Some argue the pope’s visit could also provide recognition to pastoral workers martyred during the violence because of their faith and their commitment to accompanying persecuted communities.
“All of the Colombian people have suffered, and we have experienced the same fate. The martyrs are a sign that we, as a Church, have not placed ourselves outside the conflict. We have been present, and such presence is always a risk, including the risk of martyrdom,” said Archbishop Luis Castro Quiroga of Tunja, president of the Colombian bishops’ conference. “If a community is attacked, the parish pastor has to be with his people, he can’t take off running and leave the people alone. He has to stay there and run the same risks as his people.”
The exact nature of the pope’s visit will be determined in part by the pontiff’s interaction with the Colombian bishops’ conference. Yet that group, which has a wide range of theological and political perspectives, is itself conflicted about the relation of the Church to the war and the process to end it.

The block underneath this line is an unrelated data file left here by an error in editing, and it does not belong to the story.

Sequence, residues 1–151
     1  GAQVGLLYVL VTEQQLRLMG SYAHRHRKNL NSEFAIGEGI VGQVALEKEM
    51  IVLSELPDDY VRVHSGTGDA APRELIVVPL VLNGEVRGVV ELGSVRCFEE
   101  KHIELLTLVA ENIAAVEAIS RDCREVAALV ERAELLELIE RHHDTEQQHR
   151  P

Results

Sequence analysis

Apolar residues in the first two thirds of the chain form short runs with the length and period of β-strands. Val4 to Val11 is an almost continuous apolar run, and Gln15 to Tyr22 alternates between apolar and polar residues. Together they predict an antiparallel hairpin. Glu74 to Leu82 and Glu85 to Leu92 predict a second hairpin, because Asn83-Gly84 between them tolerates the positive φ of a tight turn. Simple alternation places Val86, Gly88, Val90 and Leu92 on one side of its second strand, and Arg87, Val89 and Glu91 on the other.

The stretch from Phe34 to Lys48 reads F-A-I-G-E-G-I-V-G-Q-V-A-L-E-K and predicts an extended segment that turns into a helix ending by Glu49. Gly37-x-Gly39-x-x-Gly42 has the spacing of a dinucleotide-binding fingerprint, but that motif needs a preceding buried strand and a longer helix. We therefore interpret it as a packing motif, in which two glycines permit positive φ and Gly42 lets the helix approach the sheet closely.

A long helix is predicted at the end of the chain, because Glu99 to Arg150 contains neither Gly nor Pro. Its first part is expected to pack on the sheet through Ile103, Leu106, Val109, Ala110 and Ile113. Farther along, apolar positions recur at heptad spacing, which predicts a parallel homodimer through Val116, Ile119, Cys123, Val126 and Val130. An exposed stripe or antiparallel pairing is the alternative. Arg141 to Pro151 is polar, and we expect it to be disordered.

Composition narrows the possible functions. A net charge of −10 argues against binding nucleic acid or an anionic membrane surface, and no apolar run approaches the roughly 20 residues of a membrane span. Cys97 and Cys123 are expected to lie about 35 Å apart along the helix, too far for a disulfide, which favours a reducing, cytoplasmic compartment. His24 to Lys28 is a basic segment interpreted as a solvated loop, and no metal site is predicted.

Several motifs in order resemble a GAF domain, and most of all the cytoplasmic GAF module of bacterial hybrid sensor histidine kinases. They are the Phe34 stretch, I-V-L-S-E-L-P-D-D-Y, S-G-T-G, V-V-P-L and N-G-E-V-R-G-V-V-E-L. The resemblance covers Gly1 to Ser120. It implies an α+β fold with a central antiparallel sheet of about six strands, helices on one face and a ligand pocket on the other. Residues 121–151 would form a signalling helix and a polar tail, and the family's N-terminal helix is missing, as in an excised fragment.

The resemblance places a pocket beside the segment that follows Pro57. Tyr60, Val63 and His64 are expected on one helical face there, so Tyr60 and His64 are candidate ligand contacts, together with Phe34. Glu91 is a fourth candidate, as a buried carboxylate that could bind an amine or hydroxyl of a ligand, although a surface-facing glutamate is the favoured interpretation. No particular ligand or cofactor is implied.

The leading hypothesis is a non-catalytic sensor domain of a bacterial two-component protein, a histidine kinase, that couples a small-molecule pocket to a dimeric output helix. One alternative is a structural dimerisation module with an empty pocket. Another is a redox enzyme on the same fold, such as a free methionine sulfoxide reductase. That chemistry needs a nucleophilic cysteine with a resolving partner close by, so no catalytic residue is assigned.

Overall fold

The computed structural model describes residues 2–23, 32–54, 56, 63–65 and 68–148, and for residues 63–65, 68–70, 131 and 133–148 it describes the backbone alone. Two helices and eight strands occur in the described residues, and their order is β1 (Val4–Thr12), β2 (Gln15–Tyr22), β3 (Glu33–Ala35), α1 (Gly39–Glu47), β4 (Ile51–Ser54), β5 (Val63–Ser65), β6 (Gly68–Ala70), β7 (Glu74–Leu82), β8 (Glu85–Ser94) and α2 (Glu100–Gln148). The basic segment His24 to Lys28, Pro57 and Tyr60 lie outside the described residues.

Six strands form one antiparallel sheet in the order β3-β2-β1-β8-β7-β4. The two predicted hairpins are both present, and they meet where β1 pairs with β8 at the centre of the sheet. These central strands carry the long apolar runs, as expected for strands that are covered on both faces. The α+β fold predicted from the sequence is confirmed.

Archbishop Castro first served as president of the conference from 2005 to 2008. But after serving just one term, he was replaced, despite a custom of electing presidents for two consecutive terms. According to Church insiders, a majority of the bishops’ conference supported former President Alvaro Uribe and his hardline policies, and even threw Uribe a birthday party every year. They reportedly saw Archbishop Castro as too sympathetic to the war’s victims and replaced him with the more conservative Ruben Salazar Gomez, today a cardinal and archbishop of Bogota.
In 2014, as negotiators in Cuba made serious progress toward peace, a group of progressive bishops lobbied successfully to reinstate Archbishop Castro, arguing he had the integrity to navigate the complicated politics surrounding the peace process.
Archbishop Castro became a frequent presence at the peace talks in Havana and shepherded dozens of victims to Cuba to testify at the negotiating table.
As part of the Church’s work in the peace process, he said, the Church also decided to take an official look at its own historical involvement in the conflict.
“We had a group write that analysis, and they recently finished it,” he said. “But what they wrote wasn’t liked by anyone.”